Agriculture & Biosystems
As an aerospace engineer, you might work on a new spacecraft tasked with bringing crew to the International Space Station. Or, you might be involved in developing a new generation of space telescopes, the source of some of our most significant cosmological discoveries. But outer space is just one of many realms to explore as an aerospace engineer. You might develop commercial airliners, military jets, or helicopters for our airways. And getting even more down-to-earth, you could design the latest ground and sea transportation, including high-speed trains, racing cars, or deep-sea vessels that explore life at the bottom of the ocean.
Number of jobs in 2020
Expected job growth in next 10 years
Jobs and education
- Build a more spacious airliner
- Create satellites that detect drought around the world
- Design robots that collect samples on other planets, revealing insights about our galaxy
- Develop parachutes, using new materials to improve their performance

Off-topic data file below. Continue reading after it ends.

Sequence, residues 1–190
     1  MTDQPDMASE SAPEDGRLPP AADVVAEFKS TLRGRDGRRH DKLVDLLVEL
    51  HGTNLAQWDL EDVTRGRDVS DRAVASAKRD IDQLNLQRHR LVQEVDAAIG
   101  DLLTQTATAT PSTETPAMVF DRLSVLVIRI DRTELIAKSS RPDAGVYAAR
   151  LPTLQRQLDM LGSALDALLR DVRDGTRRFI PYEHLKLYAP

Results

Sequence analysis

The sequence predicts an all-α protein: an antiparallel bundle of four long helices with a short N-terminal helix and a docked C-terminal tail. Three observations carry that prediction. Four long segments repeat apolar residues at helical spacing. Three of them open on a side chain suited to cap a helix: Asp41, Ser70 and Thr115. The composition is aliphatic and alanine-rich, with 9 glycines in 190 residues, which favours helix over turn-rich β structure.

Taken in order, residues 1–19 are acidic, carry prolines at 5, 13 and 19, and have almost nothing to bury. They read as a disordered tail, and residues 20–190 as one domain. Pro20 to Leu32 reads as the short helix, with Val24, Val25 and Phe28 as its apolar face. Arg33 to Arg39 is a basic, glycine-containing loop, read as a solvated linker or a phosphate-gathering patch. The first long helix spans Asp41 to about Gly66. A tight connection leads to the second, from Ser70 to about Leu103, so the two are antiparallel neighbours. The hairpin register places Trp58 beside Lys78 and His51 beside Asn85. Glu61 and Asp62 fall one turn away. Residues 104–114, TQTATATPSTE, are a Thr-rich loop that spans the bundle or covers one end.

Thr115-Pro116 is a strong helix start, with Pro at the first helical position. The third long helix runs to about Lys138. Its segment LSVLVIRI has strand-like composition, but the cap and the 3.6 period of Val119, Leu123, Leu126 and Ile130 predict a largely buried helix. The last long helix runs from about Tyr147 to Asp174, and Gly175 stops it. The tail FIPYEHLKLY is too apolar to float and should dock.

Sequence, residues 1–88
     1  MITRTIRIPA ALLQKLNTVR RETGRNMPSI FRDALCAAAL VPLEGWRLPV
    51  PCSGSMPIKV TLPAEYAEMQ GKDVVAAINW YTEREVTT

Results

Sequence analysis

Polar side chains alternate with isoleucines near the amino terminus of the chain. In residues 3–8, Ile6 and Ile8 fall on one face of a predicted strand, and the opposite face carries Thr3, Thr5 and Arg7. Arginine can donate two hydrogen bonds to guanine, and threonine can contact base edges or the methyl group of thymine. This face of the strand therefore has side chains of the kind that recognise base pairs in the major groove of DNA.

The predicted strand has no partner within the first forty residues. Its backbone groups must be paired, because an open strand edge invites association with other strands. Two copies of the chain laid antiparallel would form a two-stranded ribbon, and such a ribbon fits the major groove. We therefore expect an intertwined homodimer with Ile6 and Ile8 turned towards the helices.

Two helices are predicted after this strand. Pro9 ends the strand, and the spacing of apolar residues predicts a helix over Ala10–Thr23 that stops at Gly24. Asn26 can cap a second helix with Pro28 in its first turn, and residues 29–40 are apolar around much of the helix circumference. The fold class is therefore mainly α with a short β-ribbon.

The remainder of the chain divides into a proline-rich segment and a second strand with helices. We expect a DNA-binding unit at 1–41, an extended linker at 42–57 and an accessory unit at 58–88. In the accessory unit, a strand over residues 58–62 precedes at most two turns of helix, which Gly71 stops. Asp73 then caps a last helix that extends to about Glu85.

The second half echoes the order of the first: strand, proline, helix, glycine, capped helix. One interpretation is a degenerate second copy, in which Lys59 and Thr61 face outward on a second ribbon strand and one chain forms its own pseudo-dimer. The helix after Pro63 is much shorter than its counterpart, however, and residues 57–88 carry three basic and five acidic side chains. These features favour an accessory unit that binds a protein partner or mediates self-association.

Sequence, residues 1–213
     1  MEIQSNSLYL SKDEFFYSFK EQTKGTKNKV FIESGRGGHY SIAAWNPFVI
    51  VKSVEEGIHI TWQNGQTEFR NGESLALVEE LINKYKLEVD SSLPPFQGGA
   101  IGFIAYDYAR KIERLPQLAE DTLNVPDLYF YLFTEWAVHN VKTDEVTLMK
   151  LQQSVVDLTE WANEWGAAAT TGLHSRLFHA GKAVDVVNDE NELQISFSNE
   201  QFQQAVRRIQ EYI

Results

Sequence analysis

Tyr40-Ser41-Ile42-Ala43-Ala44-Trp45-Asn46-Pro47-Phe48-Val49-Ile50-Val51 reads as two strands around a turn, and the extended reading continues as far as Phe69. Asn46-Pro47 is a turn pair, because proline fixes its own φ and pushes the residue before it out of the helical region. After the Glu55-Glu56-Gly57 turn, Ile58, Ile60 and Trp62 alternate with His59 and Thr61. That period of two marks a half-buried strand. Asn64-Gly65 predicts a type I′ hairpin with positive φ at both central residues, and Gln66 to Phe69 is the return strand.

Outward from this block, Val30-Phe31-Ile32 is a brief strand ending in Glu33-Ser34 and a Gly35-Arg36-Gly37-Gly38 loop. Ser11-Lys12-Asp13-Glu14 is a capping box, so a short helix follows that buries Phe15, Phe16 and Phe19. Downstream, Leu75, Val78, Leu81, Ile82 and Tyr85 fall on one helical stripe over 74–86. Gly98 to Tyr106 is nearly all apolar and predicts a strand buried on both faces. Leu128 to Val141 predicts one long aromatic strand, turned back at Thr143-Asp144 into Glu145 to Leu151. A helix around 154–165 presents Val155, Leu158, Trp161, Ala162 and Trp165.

- Design and develop new Earthbound vehicles like deep-diving vessels for oceanographic research or high-speed rail systems for safe and energy-efficient transportation.
- Maintain, repair and inspect aircraft to ensure passenger safety.
Oversee the assembly, installation, and other manufacturing operations in the creation of airplanes, satellites, and other produced products.
- Test avionics equipment using specialized equipment to ensure that products meet quality specifications.
In their lifetimes, aspiring aerospace professionals are likely to see space colonization, space-based solar power stations, an active search for extraterrestrial life, and the ability to travel to any point on Earth in a matter of hours.
Real world engineering projects
James Webb Telescope
Webb will be the largest, most powerful and complex space telescope ever built and launched into space. With it we may be able to answer the age old questions of “How did we get here? Are we alone in the universe? How does the universe work?”